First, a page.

I’m sure at some point in your life you’ve heard this expression. As is the case with many familiar concepts, this is much easier said and done. For example, I can recount numerous episodes in my career where I encountered criticism from either a parent, a student, or a colleague, and rather than focusing on the 98% of people who were happy and satisfied with my performance,I poured a tremendous amount of energy fretting about that other 2%. Now…if this concept holds true, and I do believe it does, think of how my focus changed my reality. Rather than concentrating on all the things I was doing well, I put the majority of my focus on how I was not living up to someone else’s expectations, and before I knew it, my whole reality became about my shortcomings – or even worse – other people’s perceptions of my shortcomings. Crazy, huh? Especially if those percentages are accurate! But here’s what I’ve learned. I’m not the only one who does this. In fact, I think this is a fairly common occurrence. So I’ve spent some time thinking about why that is. Why are we humans so inclined to focus on what’s wrong rather than what’s right?
As is the case with most great questions, there are no one-size-fits-all answers. But for me, and for many others (teachers especially), I think I can boil down the answer into two words. We care. I am absolutely certain this is the case at the Community School of Davidson. In my career, I have worked in several different school systems and throughout my life, I have been exposed to a wide variety of schools and educational institutions. All of this experience leaves me supremely confident in one thing – CSD is special. Perfect, no. But special, yes. This is a place where adults put children first and care deeply about individual students, not just as learners, but as people. That means that the 2% who aren’t satisfied take a great toll on us as we work tirelessly to meet the needs of ALL students. Now, I am in no way suggesting that we should ignore criticism or feedback that is intended to be constructive. Clearly, we should all be constantly looking for ways to better ourselves and to hone our craft. However, what I am saying is that we need to be deliberate about striking a sense of balance. While we should absolutely give attention and energy to our weaknesses, we should not let that outweigh celebration and thanksgiving for our strengths. And when offering criticisms or suggestions for improvement, we should also be mindful about balancing those comments with recognition of all that is going right.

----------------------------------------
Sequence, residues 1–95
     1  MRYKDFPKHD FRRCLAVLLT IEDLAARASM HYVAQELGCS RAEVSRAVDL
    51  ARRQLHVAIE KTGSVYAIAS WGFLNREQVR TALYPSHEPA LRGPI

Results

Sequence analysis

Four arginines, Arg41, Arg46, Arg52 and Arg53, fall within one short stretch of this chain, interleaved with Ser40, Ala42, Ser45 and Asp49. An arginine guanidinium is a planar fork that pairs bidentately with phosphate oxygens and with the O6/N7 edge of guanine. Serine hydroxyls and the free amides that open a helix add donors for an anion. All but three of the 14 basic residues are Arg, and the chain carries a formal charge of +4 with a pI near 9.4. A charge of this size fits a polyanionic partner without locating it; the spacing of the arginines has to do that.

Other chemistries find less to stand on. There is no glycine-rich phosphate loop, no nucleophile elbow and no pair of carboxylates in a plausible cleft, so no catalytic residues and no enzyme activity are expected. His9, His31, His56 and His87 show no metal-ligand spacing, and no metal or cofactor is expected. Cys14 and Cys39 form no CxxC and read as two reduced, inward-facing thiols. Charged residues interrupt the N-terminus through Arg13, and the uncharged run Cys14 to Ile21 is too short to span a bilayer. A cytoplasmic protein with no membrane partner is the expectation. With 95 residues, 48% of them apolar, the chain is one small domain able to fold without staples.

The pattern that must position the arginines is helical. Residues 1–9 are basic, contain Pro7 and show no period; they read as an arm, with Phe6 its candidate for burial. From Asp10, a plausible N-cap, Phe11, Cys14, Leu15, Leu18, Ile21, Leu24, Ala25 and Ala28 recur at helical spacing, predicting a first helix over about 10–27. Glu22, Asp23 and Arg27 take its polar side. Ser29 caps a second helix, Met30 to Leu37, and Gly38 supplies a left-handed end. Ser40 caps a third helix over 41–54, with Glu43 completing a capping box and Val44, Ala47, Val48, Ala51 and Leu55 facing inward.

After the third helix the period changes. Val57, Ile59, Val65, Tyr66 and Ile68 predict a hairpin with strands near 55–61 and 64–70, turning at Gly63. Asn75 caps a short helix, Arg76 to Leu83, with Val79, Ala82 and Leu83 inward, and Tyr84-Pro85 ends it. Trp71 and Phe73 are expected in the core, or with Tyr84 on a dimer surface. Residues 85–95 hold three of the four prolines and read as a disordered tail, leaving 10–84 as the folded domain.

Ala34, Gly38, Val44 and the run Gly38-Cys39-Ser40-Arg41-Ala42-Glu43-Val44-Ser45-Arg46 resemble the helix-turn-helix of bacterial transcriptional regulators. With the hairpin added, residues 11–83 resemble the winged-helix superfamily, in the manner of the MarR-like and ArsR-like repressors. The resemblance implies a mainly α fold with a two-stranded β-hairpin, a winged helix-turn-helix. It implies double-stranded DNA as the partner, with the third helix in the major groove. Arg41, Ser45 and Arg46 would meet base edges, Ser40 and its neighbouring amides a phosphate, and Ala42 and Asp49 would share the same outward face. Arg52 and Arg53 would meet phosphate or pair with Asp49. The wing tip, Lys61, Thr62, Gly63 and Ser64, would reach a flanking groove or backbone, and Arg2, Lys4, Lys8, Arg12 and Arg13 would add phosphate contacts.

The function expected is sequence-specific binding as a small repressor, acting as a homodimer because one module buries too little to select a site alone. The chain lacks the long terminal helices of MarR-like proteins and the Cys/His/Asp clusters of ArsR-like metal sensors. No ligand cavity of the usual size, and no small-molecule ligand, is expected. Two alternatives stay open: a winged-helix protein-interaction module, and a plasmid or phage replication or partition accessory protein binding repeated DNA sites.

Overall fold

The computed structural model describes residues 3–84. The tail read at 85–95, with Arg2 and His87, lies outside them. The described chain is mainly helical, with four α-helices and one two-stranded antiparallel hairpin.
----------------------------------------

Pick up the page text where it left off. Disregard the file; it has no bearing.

Dr. Jill Bolte Taylor, a renowned Harvard-trained and published neuroanatomist, wrote an incredible book about her experience of having and recovering from a stroke (My Stroke of Insight). Given her vast knowledge of the anatomy of the brain, her account is riveting. She also has a great TED talk on the matter in case you are interested – http://www.ted.com/talks/jill_bolte_taylor_s_powerful_stroke_of_insight . At one point in her book, I remember her talking about the notion of focus and how she deliberately put her focus on the color red. What happened was that she then began to see red everywhere. The existence of red had not changed; it had always been there. But with a change in her focus, a new awareness of the color red emerged. And she saw it everywhere! I think this is an incredibly powerful idea that is seldom successfully employed by many people. While I don’t give a flip about the color red (actually, red is one of my favorite colors), I do care immensely about where we choose to put our focus.
In this season of love, thanksgiving, and peace, I urge each of you to put your focus on what you would like to see expand. What is going right in our school community? What is going right in the life of my child? Where can acknowledgement or recognition be given to someone else for their tireless efforts? What do you want to see expand and how can you deliberately put your focus on that element? Imagine the collective power this holds if each of us – if even for just one brief instance – decided to focus on all that’s right. Hmmm. That thought truly overwhelms me with emotion. So let’s do it. Let’s remember that our school community is a special place, and that much like a plant or a garden, needs plenty of TLC and attention in order to thrive. I implore you to make an effort to hold that vision in our heads as we travel through this magical time of year. Because maybe, just maybe, these words hold true. What you focus on expands.
Wishing ALL of you a Holiday season filled with love, light, and peace.
All my best,